A performance evaluation might rank somewhere among trips to the dentist and gridlock traffic: it is nowhere near fun, but it is necessary – and once it’s over, you’ll be glad you did it.
There are ways to make sure your next performance evaluation isn’t painful. Like most things, performance evaluations are all about attitude and perspective: you can go into them scared, concerned, rigid or defensive; or you can be prepared, poised, proactive and open.
Here are a few tips to make sure your next performance evaluation ends up being a positive, beneficial experience.
- Prep up! Discomfort or disagreement produced by performance evaluations often comes when employees and managers are misaligned. To avoid being on different pages, ask your manager for a copy of the evaluation (ideally the whole document) which outlines your targets, your KPI’s, your goals – your whole evaluation criteria. Then: evaluate yourself. Take time to complete the document from your perspective, thinking carefully about where you stand in regards to the criteria. Be real with yourself: evaluating yourself honestly and with integrity needs to happen before any productive outcomes can occur. But don’t sell yourself short, either: document any highlights, major contributions, or stand-out achievements you have made – especially if they don’t seem to fit in the criteria. Once you’ve had a few days to think about it carefully, and assuming you keep it honest, it’s likely your self-evaluation will line up somewhere in the same ballpark as what your manager had in mind. Same-page alignment can begin!
- Speak up! Evaluations do not need to be one-sided critical reviews. If you’re truly passionate about the work you do, and if you genuinely want to improve, ask your manager for whatever it is you would need to make you more successful in your role. More training? More exposure to other departments? More help with time management? Use your performance evaluation meeting to speak up, make requests (within reason, of course) and identify any elements which would directly impact your performance. Most (good) managers will be happy that you spoke up and brought to their attention exactly where you may need support. Most (good) managers will act quickly within their means to make your requests come to life. Evaluations are a dialogue, and can be a pretty extraordinary opportunity to get honest with yourself and with your manager – and more honesty and realness always (always) helps.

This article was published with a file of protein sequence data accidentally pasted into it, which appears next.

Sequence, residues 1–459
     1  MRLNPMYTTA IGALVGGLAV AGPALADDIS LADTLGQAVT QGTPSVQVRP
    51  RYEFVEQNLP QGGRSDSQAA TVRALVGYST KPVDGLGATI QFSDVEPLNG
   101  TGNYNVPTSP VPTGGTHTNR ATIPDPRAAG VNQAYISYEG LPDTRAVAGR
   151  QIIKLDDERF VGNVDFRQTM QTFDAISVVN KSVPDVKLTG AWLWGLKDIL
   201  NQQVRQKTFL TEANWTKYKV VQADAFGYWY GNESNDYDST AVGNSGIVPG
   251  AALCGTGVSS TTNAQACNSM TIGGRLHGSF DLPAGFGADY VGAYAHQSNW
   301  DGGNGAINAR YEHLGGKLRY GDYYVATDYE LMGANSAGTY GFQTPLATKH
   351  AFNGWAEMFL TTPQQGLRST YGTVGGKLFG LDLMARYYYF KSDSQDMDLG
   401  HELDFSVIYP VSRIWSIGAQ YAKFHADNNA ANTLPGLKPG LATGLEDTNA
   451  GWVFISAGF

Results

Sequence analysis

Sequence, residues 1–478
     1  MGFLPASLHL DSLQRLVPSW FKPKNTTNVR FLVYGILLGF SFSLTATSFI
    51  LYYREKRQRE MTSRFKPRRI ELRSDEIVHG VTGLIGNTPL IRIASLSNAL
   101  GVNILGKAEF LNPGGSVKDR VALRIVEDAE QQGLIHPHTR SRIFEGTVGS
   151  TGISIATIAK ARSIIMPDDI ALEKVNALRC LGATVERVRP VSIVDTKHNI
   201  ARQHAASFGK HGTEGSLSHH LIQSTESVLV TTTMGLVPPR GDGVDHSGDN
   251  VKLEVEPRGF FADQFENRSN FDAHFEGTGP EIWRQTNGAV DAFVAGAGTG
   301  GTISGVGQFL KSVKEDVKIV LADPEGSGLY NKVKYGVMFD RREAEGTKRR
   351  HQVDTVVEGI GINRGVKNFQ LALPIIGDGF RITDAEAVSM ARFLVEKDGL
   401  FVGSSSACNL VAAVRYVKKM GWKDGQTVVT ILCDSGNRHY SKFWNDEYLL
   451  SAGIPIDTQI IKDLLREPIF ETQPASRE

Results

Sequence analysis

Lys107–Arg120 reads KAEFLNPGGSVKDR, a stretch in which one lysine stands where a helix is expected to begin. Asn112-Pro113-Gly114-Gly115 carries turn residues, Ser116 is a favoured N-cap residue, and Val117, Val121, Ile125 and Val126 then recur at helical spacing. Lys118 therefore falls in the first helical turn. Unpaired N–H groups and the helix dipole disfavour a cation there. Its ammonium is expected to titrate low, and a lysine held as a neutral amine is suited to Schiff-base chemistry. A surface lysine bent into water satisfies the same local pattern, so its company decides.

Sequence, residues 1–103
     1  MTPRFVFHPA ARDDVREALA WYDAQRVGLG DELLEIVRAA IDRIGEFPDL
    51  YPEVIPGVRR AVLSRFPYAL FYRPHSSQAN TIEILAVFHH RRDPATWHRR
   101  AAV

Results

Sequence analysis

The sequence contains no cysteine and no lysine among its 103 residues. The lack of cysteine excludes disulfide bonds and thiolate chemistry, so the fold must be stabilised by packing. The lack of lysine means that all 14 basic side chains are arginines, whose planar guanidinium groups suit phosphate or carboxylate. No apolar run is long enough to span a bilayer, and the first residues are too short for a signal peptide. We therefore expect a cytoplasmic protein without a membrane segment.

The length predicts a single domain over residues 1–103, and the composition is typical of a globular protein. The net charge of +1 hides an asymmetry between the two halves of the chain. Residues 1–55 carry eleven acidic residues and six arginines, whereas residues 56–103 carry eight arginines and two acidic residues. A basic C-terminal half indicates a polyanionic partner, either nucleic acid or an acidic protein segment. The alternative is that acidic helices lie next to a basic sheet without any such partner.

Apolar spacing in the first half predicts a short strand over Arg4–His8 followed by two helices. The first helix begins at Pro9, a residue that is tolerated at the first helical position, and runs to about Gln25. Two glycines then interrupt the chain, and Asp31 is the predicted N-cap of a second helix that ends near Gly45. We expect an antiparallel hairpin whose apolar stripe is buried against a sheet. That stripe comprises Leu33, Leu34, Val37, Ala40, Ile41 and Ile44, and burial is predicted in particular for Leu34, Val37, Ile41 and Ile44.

- Act up! Performance evaluations are not just about reviewing what you’ve done in the past; they are about where you’re heading in the future. If your manager is looking to conclude your evaluation without a concrete action plan for the future, stop them immediately and make sure you build a plan which you both agree upon. Not everything can be improved immediately, so make your plan tangible, specific and actionable: small, realistic goals can go a long way (example: make 11 calls everyday instead of 10; reduce your latency time from 3 minutes to 2 minutes, etc.) Build a tangible action plan that lines up with your weakest points mentioned in your evaluation – but also make sure it’s filled with things that are fun for you. Build a list of actionable items, and think to yourself: “am I excited to work and improve on these?” If the answer is no, re-work the list to something that motivates you to commit to. If you’re excited to work on your action plan, get rolling!
Evaluations can go from painful to productive if you keep the right perspective. Go in prepared, get real with yourself, speak up and start acting. Most importantly, remember to find a way to get excited about the things you are looking to improve on. Friendly reminder: success always comes when you get passionate about the things you’re doing – including your evaluations.
How does your company’s culture encourage you to survive performance evaluations? Reach out + share with us – we’d love to know!